The Info List - Spanish Netherlands

Spanish Netherlands
(Spanish: Países Bajos españoles; Dutch: Spaanse Nederlanden; French: Pays-Bas espagnols, German: Spanische Niederlande) was the collective name of States of the Holy Roman Empire in the Low Countries, held in personal union by the Spanish Crown (also called Habsburg Spain) from 1556 to 1714. This region comprised most of modern Belgium
and Luxembourg, as well as parts of northern France, part of southern Netherlands, and western Germany. The capital was Brussels. The Imperial fiefs of the former Burgundian Netherlands
had been inherited by the Austrian House of Habsburg
House of Habsburg
from the extinct House of Valois-Burgundy upon the death of Mary of Burgundy
Mary of Burgundy
in 1482. The Seventeen Provinces
Seventeen Provinces
formed the core of the Habsburg Netherlands
Habsburg Netherlands
which passed to the Spanish Habsburgs upon the abdication of Emperor Charles V in 1556. When part of the Netherlands
separated to form the autonomous Dutch Republic
Dutch Republic
in 1581, the remainder of the area stayed under Spanish rule until the War of the Spanish Succession.


1 History

1.1 Charles V 1.2 Eighty Years' War 1.3 French conquests

2 Provinces 3 See also 4 Notes 5 References

History[edit] A common administration of the Netherlandish fiefs, centred in the Duchy of Brabant, already existed under the rule of the Burgundian duke Philip the Good
Philip the Good
with the implementation of a stadtholder and the first convocation of the States General of the Netherlands
in 1437. His granddaughter Mary had confirmed a number of privileges to the States by the Great Privilege
Great Privilege
signed in 1477. After the government takeover by her husband Archduke Maximilian I of Austria, the States insisted on their privileges, culminating in a Hook rebellion in Holland and Flemish revolts. Maximilian prevailed with the support of Duke Albert III of Saxony and his son Philip the Handsome could assume the rule over the Habsburg Netherlands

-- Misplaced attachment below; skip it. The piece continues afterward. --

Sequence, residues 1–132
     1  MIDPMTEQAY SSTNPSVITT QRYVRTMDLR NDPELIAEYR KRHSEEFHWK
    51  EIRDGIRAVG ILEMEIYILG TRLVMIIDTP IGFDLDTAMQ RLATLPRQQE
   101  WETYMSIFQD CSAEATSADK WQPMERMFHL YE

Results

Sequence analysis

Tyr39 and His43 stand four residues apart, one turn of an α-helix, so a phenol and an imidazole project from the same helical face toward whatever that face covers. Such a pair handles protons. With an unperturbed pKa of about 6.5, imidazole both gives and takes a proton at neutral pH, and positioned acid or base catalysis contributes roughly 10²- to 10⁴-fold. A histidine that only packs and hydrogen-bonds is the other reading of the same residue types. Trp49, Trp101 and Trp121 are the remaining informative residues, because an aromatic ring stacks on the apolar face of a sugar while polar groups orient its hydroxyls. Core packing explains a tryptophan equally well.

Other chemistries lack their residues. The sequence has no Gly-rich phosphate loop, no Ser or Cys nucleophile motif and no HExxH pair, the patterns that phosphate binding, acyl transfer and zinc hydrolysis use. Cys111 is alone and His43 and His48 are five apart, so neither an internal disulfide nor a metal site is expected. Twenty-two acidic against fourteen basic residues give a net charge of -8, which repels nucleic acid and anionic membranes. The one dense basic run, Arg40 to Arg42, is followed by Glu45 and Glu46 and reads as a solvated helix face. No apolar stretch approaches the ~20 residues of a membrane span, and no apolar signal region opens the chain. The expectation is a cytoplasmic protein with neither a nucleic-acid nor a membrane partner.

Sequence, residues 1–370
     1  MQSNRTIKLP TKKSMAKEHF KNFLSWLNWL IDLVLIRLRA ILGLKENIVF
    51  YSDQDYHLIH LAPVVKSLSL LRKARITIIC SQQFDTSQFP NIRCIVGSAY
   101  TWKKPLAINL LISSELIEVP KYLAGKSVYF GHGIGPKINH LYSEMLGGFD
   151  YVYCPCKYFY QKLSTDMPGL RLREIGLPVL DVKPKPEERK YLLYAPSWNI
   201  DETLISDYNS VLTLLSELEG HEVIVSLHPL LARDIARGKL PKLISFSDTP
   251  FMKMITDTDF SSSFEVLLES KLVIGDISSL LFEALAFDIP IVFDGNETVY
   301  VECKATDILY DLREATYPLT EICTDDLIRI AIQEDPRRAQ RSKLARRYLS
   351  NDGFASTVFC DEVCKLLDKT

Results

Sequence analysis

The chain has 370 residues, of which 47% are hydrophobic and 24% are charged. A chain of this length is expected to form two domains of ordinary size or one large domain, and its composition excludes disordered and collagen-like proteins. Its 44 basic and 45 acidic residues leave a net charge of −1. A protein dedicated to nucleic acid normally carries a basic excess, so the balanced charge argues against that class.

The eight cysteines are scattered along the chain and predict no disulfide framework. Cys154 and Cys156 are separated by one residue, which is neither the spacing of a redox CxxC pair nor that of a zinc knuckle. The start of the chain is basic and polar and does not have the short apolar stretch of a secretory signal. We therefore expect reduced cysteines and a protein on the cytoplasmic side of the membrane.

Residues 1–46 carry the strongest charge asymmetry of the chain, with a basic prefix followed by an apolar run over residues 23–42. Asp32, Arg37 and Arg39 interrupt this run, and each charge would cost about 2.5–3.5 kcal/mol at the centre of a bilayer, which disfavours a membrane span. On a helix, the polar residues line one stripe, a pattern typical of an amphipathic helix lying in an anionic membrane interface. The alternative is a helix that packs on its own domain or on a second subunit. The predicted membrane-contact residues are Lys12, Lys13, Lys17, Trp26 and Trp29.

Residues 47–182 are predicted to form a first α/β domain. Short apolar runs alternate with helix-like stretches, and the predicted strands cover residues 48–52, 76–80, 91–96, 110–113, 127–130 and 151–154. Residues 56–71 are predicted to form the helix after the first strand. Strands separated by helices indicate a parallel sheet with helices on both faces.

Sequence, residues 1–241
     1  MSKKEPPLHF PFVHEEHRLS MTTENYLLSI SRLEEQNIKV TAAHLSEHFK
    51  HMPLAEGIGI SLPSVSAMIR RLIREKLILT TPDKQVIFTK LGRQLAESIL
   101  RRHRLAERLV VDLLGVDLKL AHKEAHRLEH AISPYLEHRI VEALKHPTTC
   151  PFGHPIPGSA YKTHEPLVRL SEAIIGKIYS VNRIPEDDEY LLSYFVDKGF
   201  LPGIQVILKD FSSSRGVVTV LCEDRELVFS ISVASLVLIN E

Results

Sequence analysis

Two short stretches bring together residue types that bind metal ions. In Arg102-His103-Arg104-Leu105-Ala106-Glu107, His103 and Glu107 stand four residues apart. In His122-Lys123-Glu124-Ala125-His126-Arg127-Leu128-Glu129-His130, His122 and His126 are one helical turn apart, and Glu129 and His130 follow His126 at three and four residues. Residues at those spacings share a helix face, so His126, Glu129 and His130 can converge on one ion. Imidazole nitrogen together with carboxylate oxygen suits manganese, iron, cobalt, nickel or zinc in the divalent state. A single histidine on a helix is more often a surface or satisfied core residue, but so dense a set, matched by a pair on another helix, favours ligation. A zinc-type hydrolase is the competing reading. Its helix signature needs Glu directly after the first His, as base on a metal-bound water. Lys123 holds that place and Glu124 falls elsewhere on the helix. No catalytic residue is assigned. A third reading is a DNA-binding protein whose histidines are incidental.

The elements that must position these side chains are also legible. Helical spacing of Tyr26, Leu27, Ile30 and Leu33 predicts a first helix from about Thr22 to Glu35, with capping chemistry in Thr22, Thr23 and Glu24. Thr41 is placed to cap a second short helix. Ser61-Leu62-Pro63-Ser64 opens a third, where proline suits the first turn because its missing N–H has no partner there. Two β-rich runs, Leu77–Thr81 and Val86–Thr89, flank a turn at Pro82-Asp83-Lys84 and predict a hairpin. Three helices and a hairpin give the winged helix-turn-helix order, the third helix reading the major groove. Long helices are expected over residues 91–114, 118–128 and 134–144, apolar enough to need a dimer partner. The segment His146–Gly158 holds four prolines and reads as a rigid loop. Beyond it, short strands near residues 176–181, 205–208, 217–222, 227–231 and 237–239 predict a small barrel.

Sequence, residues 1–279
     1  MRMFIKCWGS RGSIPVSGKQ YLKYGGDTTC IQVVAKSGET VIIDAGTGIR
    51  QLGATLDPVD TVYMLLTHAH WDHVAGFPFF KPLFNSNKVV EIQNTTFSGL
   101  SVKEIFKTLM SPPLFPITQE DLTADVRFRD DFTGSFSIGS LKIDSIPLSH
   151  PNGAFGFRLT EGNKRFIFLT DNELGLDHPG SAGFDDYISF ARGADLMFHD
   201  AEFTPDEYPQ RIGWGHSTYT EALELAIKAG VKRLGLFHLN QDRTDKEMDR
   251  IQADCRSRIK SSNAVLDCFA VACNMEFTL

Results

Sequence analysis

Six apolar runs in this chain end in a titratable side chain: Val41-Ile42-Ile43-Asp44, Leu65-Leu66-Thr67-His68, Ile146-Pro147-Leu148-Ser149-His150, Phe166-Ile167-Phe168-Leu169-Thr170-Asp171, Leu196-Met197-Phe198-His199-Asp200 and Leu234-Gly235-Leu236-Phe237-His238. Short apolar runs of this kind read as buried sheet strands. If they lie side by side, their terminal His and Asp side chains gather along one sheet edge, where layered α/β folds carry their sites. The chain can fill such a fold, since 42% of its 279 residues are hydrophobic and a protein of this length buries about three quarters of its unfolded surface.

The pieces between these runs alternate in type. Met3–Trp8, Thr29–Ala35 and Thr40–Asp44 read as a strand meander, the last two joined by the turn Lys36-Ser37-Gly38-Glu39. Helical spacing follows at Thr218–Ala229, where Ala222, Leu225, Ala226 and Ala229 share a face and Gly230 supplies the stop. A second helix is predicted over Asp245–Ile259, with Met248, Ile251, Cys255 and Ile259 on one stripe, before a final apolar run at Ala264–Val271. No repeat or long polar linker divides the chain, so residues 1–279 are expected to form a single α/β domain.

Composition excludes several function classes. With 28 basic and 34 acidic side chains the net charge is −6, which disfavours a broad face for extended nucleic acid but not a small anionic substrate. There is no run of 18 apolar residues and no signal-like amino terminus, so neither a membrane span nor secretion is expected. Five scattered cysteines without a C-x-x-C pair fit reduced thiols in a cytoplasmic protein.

Habsburg Netherlands
in 1493. Charles V[edit] Philip as well as his son and successor Charles V retained the title of a "Duke of Burgundy" referring to their Burgundian inheritance, notably the Low Countries
Low Countries
and the Free County of Burgundy
County of Burgundy
in the Holy Roman Empire. The Habsburgs often used the term Burgundy to refer to their hereditary lands (e.g. in the name of the Imperial Burgundian Circle established in 1512), actually until 1795, when the Austrian Netherlands
were lost to the French Republic. In 1522 Emperor Charles V concluded a partition treaty with his younger brother Archduke Ferdinand I of Habsburg, whereby the House of Habsburg split into an Austrian and a Spanish branch. By the Pragmatic Sanction of 1549, Charles declared the Seventeen Provinces
Seventeen Provinces
a united and undivisible Habsburg dominion. The division was consummated when he resignedly announced his abdication and left the Spanish branch heritage to his only surviving son Philip II of Spain, while his brother Ferdinand succeeded him as Holy Roman Emperor. The Seventeen Provinces, de jure still fiefs of the Holy Roman Empire, from that time on de facto were ruled by the Spanish branch of the Habsburgs as part of the Burgundian heritage. Eighty Years' War[edit] Philip's despotism and his stern Counter-Reformation
measures sparked the Dutch Revolt
Dutch Revolt
in the mainly Calvinist Netherlandish provinces, which led to the outbreak of the Eighty Years' War